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Broadcasting Literacies on the Local Frequency: Using Radio Productions to Amplify Children’s Community Interests

By Cassie Brownell
 | Apr 26, 2019

broadcasting-literaciesIn the years since Hurricane Katrina made landfall along the Gulf Coast, education within the city of New Orleans has continued to shift. Immediately following the storm, many schools received technology donations, including interactive whiteboards and touch technologies, such as tablets. More recently, as charter schools continue to take hold in the city, educational and community leaders are seeking new ways to engage children and youth in literacies and community.

As a former early childhood educator in New Orleans, I have been privy to many of these original ideas on my return trips to visit family and friends. Yet, much of this important equity work remains peripheral to traditional conversations about school reform within the city. Given this, and because New Orleans will play host to the ILA 2019 Conference in October, I wish to highlight one group fostering new opportunities for children and youth to engage with/in their city.

Be Loud Studios (a newly formed nonprofit organization) exemplifies educational innovation by amplifying the voices of young people as they share ideas about—and happenings within—their communities. Under the lead of two seasoned educators—Diana Turner and Alex Owens—Be Loud Studios originated as a part of the larger curriculum at Bricolage Academy, an elementary school whose “overriding educational philosophy strives to develop students into creative problem solvers who will change the world.” Turner, a literacies interventionist, and Owens, the lead teacher in the school’s makerspace, wished to merge their expertise to give students, as Turner described, “a chance to talk about what’s going on in their communities.” Through their collaborative efforts and with support from school leader Josh Densen,BricoRadio—a weekly show dedicated to voicing the interests of Bricolage students— first aired in late January 2018.

Through the process of composing each episode, students engage in schooled notions of reading, writing, and making as they investigate and follow stories, write scripts, read and listen to their recordings, and make cuts to their final productions. Because show production requires print-based communication, Turner and Owens have had the chance to rehearse word-level skills such as phonics with targeted students. However, the teachers also use the opportunity to discuss the ideological nature of literacies, particularly when literacies are viewed as an autonomous skill set, by answering the question “Why do I have to learn this?” head-on. “With BricoRadio,” Turner argued, “we have a chance to make things like phonics relevant” by showcasing how print-based reading and writing can facilitate wider communication in new ways. Still, Turner and Owens are clear that BricoRadio should not only be perceived as an intervention for students who are seemingly “behind” based on standardized measures. Rather, these educators argue that, as Turner stated, “everyone can learn from being on the radio,” particularly because “kids have something to talk about.”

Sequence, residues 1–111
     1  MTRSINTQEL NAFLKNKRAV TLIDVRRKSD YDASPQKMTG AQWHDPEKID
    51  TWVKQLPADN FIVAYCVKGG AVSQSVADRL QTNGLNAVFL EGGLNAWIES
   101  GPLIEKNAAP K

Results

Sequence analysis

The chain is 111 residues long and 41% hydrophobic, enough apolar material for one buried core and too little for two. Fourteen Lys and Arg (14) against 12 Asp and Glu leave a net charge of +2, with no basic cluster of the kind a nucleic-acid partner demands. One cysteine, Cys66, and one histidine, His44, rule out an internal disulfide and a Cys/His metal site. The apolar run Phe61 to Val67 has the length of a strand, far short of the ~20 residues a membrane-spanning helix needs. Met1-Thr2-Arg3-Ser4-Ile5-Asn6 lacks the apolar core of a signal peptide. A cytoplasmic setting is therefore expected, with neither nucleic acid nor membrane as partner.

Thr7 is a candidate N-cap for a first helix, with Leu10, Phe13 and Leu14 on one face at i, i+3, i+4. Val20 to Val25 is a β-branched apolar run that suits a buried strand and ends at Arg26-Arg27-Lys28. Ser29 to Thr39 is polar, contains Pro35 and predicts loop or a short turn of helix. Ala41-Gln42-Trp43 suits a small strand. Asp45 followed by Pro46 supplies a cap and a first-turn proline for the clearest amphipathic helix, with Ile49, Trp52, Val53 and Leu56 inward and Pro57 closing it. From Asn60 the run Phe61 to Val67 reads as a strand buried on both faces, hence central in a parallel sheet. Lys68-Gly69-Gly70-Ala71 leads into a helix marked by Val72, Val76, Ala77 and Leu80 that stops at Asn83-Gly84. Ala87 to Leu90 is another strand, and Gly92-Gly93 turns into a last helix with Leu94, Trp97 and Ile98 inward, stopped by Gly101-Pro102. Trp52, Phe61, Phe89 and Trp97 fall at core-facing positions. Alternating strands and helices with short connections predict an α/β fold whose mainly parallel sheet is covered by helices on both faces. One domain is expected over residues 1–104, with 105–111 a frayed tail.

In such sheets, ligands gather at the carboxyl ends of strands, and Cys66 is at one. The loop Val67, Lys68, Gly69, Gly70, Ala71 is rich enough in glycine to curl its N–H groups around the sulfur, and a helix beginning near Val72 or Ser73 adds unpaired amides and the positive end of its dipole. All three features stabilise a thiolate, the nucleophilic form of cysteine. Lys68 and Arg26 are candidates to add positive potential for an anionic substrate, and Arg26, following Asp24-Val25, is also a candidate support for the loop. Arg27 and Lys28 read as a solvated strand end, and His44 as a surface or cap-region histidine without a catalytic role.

Now in its second season of production, Turner and Owens’ desire to center youth voices shines through in each episode. From the first segment to their newest release, the youth-run show reflects the students of Bricolage’s interests and curiosities in a meaningful way. For example, during the two seasons already produced, students have discussed their beloved New Orleans Saints and slime-making alongside the removal of local statues of Confederate leaders and the national Black Lives Matter movement. In this way, Turner and Owens offer students not only the opportunity to practice print-based and digital literacies but also open new avenues  to examine social issues.

Following the great success Turner and Owens experienced with BricoRadio, the two teachers plan to extend their reach into other pockets of the community. “Kids want to do this,” Turner stated, “and they need to do it, too.” With the understanding that not all schools have the capacity or infrastructure to facilitate this kind of learning, the duo established Be Loud Studios to support children across formal and informal contexts in producing their own shows. Using the lessons learned as facilitators of BricoRadio, Turner and Owens hope to increase children and youth’s competency and proficiency as digital producers—not just consumers—throughout New Orleans. Together, the two plan to bring together different networks for the city’s young people to voice their concerns while improving access to digital literacies, beginning in July 2019, when they will launch a series of workshops through their youth summer camp.

Stay tuned to BricoRadio’s Instagram for new episodes from the students of Bricolage Academy and, if you’re attending the ILA conference this fall, be sure to listen to past episodes to get an insider’s perspective of the city!

Cassie J. Brownell is an assistant professor at the Ontario Institute for Studies in Education within the University of Toronto and the 2017 recipient of the ILA Helen M. Robinson Dissertation Grant. She has been a member of ILA since 2012.

This article is part of a series from the International Literacy Association Technology in Literacy Education Special Interest Group (TILE-SIG).

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